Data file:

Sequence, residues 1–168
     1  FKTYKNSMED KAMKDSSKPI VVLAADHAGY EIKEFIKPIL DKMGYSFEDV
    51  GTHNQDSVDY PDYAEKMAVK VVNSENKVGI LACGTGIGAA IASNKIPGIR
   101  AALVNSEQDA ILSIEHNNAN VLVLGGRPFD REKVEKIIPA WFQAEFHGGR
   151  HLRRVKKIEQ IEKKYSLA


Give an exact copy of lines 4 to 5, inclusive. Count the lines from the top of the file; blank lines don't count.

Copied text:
   101  AALVNSEQDA ILSIEHNNAN VLVLGGRPFD REKVEKIIPA WFQAEFHGGR
   151  HLRRVKKIEQ IEKKYSLA